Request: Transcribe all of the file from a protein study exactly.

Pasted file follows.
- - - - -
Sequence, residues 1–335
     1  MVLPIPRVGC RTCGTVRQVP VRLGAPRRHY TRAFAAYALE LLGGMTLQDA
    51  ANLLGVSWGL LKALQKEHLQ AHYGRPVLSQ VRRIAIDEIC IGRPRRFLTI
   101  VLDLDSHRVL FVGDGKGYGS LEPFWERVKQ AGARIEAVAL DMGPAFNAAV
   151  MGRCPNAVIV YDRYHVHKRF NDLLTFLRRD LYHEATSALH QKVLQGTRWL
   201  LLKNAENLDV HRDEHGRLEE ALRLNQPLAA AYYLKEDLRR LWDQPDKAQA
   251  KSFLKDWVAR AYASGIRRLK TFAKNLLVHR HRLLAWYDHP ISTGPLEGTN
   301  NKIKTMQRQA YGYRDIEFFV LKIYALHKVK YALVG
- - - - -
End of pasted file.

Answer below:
Sequence, residues 1–335
     1  MVLPIPRVGC RTCGTVRQVP VRLGAPRRHY TRAFAAYALE LLGGMTLQDA
    51  ANLLGVSWGL LKALQKEHLQ AHYGRPVLSQ VRRIAIDEIC IGRPRRFLTI
   101  VLDLDSHRVL FVGDGKGYGS LEPFWERVKQ AGARIEAVAL DMGPAFNAAV
   151  MGRCPNAVIV YDRYHVHKRF NDLLTFLRRD LYHEATSALH QKVLQGTRWL
   201  LLKNAENLDV HRDEHGRLEE ALRLNQPLAA AYYLKEDLRR LWDQPDKAQA
   251  KSFLKDWVAR AYASGIRRLK TFAKNLLVHR HRLLAWYDHP ISTGPLEGTN
   301  NKIKTMQRQA YGYRDIEFFV LKIYALHKVK YALVG